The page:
However, Thatcherite economic policy also widened social and economic gaps between the North and South, the skilled and unskilled. This division is morbidly apparent in the celebrations that followed Margaret Thatcher’s death. ( The Guardian reports one former miner quipping:  “Maggie’s in hell and she’s shut down three furnaces already”.) British politics has never been more geographically divided. Whereas the Conservative party dominates the South, the North of England and Scotland (when SNP is discounted) are dominated by Labour. This political division is likely to be driven by economic forces. While Thatcherite policy did not cause the decline of northern industries – it merely switched off the life-support machine – it also did not do enough to find new sources of income for the affected regions. Meanwhile, the boom in financial and professional services unleashed by Thatcher was concentrated in London and the South. The Labour government temporarily plastered over this division by diverting the fiscal bonanza from the South to support the expansion of the state in the North, leading to unsustainable levels of government deficit. The financial crisis of 2008-2009 and the subsequent fiscal austerity tore away the cosmetics that in good years barely disguised the drift between North and South.

If Thatcher’s economic performance is so chequered, what is left of Thatcher’s legacy that is relevant to today’s economy? First, Margaret Thatcher brought home the basic fact that the problem of economic production had not been solved. For the post-WWII period, the British government and labour unions acted as if the main problem of providing for the nation had been solved, and that the government’s main task was redistribution. Thatcher’s simple housewife-variety of economics reminded the nation that in order for the government to have something to redistribute, someone must first produce goods and services and pay taxes. She says, “people come and say: ‘But what is the point of working? I can get as much on the dole!’ You say: ‘Look” It is not from the dole. It is your neighbour who is supplying it.” This is a simple truth that is sometimes lost in discourses of inequality in contemporary Britain: redistribution and equality is a luxury that comes after production. Government subsidies and welfare payments are not solutions to inequality – they are merely a plaster over it. Real social and economic equality has to come from widespread economic growth.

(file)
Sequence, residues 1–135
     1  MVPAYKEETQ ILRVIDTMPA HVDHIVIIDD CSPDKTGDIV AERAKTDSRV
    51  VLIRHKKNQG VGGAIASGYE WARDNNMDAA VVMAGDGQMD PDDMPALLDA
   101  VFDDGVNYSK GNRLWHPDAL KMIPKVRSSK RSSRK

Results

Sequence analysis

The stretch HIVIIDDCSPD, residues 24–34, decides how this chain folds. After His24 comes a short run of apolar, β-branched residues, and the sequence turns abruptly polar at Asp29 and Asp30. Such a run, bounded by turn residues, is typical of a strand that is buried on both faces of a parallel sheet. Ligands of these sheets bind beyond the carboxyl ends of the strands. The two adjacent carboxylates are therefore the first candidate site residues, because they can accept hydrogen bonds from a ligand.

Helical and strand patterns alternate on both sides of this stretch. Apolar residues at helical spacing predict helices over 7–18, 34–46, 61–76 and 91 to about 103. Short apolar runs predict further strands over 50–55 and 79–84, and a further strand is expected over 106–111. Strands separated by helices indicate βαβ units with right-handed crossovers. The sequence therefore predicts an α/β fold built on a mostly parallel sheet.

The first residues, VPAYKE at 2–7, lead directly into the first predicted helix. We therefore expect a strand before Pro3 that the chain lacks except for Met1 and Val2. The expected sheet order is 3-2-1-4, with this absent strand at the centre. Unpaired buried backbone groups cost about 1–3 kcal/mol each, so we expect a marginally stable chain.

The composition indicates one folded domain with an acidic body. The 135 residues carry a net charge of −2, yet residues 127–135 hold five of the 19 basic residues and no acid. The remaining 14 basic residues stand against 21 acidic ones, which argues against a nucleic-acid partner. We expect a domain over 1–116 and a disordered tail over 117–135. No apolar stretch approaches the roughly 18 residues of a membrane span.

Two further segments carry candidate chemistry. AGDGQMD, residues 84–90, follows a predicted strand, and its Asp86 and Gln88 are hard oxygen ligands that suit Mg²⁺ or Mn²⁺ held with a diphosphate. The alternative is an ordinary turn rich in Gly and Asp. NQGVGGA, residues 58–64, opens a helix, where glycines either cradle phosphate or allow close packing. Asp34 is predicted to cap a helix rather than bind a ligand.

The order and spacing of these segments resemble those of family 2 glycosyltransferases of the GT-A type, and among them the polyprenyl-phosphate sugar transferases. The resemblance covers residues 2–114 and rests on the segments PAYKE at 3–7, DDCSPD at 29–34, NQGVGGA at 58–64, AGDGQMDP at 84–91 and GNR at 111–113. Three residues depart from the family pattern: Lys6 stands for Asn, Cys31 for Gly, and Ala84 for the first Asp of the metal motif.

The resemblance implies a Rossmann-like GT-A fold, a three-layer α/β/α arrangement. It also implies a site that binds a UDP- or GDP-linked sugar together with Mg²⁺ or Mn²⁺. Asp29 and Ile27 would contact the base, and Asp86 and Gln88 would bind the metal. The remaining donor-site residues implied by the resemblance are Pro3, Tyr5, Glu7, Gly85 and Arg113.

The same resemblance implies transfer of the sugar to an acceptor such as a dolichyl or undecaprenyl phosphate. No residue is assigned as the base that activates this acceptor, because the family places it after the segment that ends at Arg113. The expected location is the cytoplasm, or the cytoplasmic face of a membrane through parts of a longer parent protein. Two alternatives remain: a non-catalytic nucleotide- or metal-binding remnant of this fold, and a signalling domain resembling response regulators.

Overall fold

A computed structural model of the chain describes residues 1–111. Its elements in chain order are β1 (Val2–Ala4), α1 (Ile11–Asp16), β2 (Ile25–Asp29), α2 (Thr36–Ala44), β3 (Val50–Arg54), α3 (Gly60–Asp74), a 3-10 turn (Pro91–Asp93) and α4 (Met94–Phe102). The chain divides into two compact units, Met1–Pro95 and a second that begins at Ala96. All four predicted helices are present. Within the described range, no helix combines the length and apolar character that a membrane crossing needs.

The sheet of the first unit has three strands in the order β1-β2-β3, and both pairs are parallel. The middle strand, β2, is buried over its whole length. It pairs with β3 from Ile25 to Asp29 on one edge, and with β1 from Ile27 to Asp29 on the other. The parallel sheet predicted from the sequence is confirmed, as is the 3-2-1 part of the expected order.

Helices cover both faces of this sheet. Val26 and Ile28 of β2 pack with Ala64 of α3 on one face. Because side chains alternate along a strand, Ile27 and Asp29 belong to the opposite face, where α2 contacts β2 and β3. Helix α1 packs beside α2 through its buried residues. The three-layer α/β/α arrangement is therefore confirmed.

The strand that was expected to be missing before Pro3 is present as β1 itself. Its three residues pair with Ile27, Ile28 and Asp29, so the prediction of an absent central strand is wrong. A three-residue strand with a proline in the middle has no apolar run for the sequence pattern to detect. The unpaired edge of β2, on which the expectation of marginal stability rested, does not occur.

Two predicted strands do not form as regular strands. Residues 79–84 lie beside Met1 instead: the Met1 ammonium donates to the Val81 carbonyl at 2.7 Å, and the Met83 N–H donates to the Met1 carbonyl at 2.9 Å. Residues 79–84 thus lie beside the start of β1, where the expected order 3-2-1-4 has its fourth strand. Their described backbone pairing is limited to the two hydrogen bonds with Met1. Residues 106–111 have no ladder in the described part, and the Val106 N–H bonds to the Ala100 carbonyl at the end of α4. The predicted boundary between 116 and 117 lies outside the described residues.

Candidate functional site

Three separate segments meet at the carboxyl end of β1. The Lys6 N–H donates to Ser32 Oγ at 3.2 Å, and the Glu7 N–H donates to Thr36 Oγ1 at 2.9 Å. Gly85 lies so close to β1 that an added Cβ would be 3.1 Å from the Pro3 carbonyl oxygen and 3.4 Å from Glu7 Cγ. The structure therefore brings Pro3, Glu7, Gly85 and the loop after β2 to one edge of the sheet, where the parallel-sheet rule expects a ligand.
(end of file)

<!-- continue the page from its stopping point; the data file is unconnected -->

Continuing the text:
Second, Margaret Thatcher, for all her belief in individual freedom, had a keen sense of communal responsibility. She never intended person enrichment to be the goal of economic liberalisation. Her vision was a society that would be invigorated by the sense of personal responsibility that individual wealth inspires. She says, “we want the spread of personal property ever wider, not only because we want the material benefits to spread further wider, but because we believe when you have that personal property you get a much greater feeling of responsibility because you have to exercise responsibility towards it. Because you respect your own you respect also other people’s. Therefore, it is a way of bringing about a much greater sort of personal responsibility to a society of which you are a part, and also a way of having some of the means in which you can help people who are unfortunate, or help some of the great things that you have a personal interest in. It may be music, it may be the arts, it may be the ancient churches, it may be restoring some of the rural heritage, so that is the spread of property ever more widely.” Britain is never as divided as it is today, and it desperately needs politicians, businessmen, and individuals to take up personal responsibility for the wellbeing of this country. Debatable as legacy, it is indisputable that Margaret Thatcher could not bear the idea of a declining Britain, and she took personal responsibility to change the course of the country. She may have succeeded or failed – only time will tell – but her spirit of determination and responsibility is greatly needed today to heal our divisions.